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Applications from development of COVID vaccine may help humanity tackle cancer and other diseases

Applications from development of COVID vaccine may help humanity tackle cancer and other diseases

How ‘science fiction’ idea for treating cancer led to groundbreaking COVID vaccine, the doctors behind the vaccine told a weekend audience in Spain.

Speaking in the city of Oviedo, where they received a prestigious Princess of Asturias Award from the Spanish royal family, BioNTech co-founders Ugur Sahin and Ozlem Tureci gave intriguing details of how their groundbreaking vaccine came about.

Its most direct roots trace back to the 1990s. That is when the two doctors, who both came from immigrant Turkish families, were working at an oncology ward in a German hospital but were “depressed” about how often cancer treatments end in failure.

They were compelled to find solutions, so at night, they dove back into the lab. Sahin and Tureci are also immunologists, focused on figuring out how to get immune cells to attack cancer cells.

“Our motivation from the very beginning was to combine our two worlds: the curiosity, understanding, and development of science and helping our patients,” Sahin explained.

Together they identified what makes tumor cells different from normal cells, which can be revealed by certain markers like antigens.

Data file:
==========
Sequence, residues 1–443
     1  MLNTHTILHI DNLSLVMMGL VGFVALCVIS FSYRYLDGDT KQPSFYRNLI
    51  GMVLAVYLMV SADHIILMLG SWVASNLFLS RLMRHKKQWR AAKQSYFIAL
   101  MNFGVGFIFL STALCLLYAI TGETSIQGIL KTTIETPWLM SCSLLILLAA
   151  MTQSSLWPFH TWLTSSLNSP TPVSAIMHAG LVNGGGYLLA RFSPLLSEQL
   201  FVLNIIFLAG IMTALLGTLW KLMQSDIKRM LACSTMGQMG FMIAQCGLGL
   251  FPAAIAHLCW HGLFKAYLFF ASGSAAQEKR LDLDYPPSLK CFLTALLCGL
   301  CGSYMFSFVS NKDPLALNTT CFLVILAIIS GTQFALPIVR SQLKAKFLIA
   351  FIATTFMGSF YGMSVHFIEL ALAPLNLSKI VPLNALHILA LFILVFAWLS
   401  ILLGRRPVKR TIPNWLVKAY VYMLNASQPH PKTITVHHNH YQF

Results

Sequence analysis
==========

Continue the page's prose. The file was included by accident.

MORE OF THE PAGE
But training the immune system to kill cancer cells was not as simple as targeting one marker and giving the same vaccine to every patient. So they decided that individualized cancer treatments were the ideal approach.

Their idea was to take a biopsy from each patient, study its particular unique markers, and prepare personalized vaccines.

“That was a crazy idea, like science fiction in the 1990s,” said Sahin. “We didn’t dare talk about it. A lot of times, scientists want to stay credible so they don’t talk about their biggest ideas.”

It was far-fetched because it was extremely complicated. They needed to make sure that the technology was flexible, strong enough to annihilate cancer, and able to be rapidly manufactured. Where cancer is involved, timing can make all the difference in the world.

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